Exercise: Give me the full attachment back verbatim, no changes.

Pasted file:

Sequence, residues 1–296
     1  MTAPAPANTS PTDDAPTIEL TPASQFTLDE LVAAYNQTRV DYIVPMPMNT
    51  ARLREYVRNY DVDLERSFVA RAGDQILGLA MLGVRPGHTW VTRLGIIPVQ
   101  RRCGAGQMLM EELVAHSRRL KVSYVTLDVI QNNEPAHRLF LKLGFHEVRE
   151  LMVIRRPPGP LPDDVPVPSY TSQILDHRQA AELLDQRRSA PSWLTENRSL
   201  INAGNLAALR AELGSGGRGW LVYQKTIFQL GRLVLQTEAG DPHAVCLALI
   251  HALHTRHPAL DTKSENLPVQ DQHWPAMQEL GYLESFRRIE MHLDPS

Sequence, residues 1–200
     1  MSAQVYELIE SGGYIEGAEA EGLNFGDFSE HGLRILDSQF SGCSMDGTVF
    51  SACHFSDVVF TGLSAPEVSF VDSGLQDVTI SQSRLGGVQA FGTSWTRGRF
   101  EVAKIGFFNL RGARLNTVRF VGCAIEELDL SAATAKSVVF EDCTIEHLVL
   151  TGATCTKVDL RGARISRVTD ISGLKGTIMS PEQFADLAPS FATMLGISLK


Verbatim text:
Sequence, residues 1–296
     1  MTAPAPANTS PTDDAPTIEL TPASQFTLDE LVAAYNQTRV DYIVPMPMNT
    51  ARLREYVRNY DVDLERSFVA RAGDQILGLA MLGVRPGHTW VTRLGIIPVQ
   101  RRCGAGQMLM EELVAHSRRL KVSYVTLDVI QNNEPAHRLF LKLGFHEVRE
   151  LMVIRRPPGP LPDDVPVPSY TSQILDHRQA AELLDQRRSA PSWLTENRSL
   201  INAGNLAALR AELGSGGRGW LVYQKTIFQL GRLVLQTEAG DPHAVCLALI
   251  HALHTRHPAL DTKSENLPVQ DQHWPAMQEL GYLESFRRIE MHLDPS

Sequence, residues 1–200
     1  MSAQVYELIE SGGYIEGAEA EGLNFGDFSE HGLRILDSQF SGCSMDGTVF
    51  SACHFSDVVF TGLSAPEVSF VDSGLQDVTI SQSRLGGVQA FGTSWTRGRF
   101  EVAKIGFFNL RGARLNTVRF VGCAIEELDL SAATAKSVVF EDCTIEHLVL
   151  TGATCTKVDL RGARISRVTD ISGLKGTIMS PEQFADLAPS FATMLGISLK